On his deathbed, Camilo told Tina that he had been distraught when he discovered Che had failed to mention him in his diaries, first published in 1968. Camilo himself had just returned to Cuba when the diaries were published and the furore over them caused him to bury his own diaries (and memories) and get on with the business of building a revolution. But when Pombo also published his reminiscences in 1997 with no mention of his involvement, he was crushed. Tina remembers at this time he sank into a depression which no one could understand. The death bed revelations explained it all.
‘He felt his life invalidated,’ she said. ‘He was a hero of the Cuban people, decorated as such for his work in Angola and Nicaragua, and he had always striven to ‘be like Che.’ He totally believed in Che’s vision of international revolution. But he felt he had been airbrushed from history and he could not cope with that.’
When the last of the guerrillas was interred at the Mausoleum, Camilo met with Pombo and got confirmation that Che had instructed him not to write about his protégé during the Bolivian conflict. Pombo had acted out of loyalty to Che.
‘Che told me to say ‘you were never there,’ Pombo stated. ‘Who we were as individuals was unimportant. But Che cared most for you. He wanted to be sure you may return home safe, to go on and live your life, whatever happened to us. And so, Jejénito, you were never there.’ Finally Camilo understood this. He determined that the story would never be told. For those with Spanish as poor as mine, I should point out that Jejénito is the diminutive form of the word Jején which is a sort of Spanish midgie. It was the nickname Che and the guerrillas used for Camilo during the Bolivian campaign. The reasons will become clear.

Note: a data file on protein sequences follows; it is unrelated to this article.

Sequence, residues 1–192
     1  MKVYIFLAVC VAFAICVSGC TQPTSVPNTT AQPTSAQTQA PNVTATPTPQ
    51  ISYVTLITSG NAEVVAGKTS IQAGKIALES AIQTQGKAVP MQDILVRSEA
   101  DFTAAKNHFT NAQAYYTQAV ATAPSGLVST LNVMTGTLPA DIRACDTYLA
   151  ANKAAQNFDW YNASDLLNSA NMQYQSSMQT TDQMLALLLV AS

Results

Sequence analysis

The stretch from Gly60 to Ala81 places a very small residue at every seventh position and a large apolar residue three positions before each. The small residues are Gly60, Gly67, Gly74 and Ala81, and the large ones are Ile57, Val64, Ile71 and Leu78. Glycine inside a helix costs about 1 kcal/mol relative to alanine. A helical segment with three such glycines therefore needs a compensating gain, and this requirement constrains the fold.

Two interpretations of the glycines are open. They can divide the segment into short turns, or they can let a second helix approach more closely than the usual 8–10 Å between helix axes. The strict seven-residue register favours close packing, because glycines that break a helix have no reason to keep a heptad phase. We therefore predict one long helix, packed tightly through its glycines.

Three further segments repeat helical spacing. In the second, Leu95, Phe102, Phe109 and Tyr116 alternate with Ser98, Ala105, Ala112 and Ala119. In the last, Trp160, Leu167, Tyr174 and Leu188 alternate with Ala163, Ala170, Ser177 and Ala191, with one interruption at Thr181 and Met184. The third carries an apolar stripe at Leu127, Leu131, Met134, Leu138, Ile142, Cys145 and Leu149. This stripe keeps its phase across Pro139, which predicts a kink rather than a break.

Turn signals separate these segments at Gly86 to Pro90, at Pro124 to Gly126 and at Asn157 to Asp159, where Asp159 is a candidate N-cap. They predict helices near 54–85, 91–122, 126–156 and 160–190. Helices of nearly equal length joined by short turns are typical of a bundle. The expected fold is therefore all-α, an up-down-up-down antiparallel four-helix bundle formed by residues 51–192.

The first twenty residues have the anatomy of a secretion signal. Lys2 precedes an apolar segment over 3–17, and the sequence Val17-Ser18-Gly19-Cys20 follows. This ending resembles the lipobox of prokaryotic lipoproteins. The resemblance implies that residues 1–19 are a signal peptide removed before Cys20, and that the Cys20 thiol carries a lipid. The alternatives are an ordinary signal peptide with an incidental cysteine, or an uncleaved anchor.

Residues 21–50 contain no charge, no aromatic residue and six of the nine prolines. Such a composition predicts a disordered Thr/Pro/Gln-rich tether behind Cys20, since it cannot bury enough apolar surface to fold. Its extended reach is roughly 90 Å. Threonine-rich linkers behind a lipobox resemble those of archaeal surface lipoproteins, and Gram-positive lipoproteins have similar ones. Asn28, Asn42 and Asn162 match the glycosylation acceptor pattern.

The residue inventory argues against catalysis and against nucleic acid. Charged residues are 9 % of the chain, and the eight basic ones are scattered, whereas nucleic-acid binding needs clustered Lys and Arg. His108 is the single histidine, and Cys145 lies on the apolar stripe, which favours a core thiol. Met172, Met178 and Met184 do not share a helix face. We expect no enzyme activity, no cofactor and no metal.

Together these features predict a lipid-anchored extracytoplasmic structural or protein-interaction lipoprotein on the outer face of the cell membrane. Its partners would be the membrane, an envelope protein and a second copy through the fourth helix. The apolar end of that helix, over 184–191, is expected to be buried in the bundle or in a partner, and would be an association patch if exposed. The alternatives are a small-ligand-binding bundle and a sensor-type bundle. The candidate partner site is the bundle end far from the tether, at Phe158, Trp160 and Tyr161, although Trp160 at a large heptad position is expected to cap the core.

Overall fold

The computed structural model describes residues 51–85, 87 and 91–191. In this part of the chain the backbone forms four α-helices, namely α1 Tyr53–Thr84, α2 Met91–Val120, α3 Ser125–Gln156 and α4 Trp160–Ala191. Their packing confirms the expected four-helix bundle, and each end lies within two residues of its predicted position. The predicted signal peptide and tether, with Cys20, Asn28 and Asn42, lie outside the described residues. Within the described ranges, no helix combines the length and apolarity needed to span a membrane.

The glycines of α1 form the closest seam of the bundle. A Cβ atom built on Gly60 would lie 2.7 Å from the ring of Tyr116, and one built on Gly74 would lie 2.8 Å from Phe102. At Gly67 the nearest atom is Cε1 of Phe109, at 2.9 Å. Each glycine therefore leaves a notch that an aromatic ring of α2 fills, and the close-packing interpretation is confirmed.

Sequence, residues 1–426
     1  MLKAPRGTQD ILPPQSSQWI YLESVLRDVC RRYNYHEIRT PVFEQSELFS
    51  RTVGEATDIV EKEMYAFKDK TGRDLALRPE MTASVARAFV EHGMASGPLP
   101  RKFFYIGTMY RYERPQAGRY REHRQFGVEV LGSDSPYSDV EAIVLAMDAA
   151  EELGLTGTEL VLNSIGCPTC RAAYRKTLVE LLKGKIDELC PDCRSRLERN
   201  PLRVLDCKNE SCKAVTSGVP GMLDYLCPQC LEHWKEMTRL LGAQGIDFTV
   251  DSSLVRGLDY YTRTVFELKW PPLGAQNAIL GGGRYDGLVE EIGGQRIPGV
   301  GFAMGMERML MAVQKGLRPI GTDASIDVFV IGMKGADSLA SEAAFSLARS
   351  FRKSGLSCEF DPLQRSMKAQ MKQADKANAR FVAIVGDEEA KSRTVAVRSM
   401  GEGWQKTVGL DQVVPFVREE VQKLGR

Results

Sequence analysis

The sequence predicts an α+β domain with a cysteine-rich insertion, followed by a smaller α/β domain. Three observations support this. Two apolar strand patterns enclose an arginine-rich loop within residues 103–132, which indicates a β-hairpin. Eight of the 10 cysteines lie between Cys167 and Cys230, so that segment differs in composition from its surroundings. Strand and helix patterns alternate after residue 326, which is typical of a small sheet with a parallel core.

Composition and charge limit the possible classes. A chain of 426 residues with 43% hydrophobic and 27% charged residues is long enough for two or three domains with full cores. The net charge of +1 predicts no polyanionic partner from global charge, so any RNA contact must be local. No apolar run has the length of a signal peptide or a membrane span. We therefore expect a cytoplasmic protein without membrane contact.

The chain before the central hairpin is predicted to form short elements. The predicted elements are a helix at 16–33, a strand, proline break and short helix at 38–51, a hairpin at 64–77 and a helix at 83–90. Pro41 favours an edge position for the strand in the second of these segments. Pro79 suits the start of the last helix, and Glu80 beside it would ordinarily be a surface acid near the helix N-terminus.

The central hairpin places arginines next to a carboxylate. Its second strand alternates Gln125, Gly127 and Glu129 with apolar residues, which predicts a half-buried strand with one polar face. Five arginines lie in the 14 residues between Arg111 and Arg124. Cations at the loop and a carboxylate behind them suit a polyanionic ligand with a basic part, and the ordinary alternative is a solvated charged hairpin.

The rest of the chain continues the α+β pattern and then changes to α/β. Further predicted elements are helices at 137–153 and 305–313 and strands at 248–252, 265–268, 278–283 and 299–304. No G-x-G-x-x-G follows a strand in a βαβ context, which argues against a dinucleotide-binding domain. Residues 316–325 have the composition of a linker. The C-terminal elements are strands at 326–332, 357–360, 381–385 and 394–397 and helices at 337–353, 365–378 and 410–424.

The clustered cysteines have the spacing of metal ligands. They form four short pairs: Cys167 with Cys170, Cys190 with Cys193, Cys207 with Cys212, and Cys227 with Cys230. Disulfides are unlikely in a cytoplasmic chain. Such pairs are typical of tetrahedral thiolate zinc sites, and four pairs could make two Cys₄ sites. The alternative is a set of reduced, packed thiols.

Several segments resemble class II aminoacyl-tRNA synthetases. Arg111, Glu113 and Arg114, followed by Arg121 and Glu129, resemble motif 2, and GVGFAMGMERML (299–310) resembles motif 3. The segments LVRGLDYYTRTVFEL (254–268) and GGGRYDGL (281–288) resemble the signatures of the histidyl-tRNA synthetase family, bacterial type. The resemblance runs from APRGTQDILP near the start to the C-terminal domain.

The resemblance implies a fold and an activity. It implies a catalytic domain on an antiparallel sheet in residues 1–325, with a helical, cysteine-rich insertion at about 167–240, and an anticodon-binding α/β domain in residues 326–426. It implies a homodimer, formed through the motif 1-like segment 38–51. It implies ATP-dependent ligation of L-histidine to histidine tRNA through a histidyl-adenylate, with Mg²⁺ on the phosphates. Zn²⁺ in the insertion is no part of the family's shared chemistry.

Over the years, Tina and I have come to the conclusion that this is a story that should be told. Camilo is denied his place beside his friends in the Mausoleum, but we believe that his revolutionary legacy should shine a light on him. And in the lead up to the 50th anniversary of the murder of Che Guevara on October 9th 1967, we agreed it was time to publish Camilo’s story.
Tina works in the Mausoleum. That is where I first met her. She spends time daily in the room where the remains of the 30 guerrillas are interred. It is the most profound and peaceful place I have ever been. It is low-lit and one is not allowed to take photographs out of respect for the dead. Therefore it is one of these memories that exists only in my mind and perhaps is all the more powerful for that. Tina tells me that she feels close to her father and all the guerrillas there. She feels a sense of connection with the past which she craves all the more as Cuba faces an uncertain future. It was Camilo’s great sorrow that he would not pass eternity with the companeros. With this publication he is now once more in their company. And, with a smile, Tina tells me she has done something else to ensure that her father is, at last, resting with the guerrillas he served with in Bolivia. I cannot tell you what that is. Let it just remain to say he was always Che’s ‘arma secreta’ and that if asked to tell the truth we will always say he was ‘el jején que nunca estuvo allí’ (The midge who was never there.)
Hasta la victoria siempre
Cally Phillips, October 2016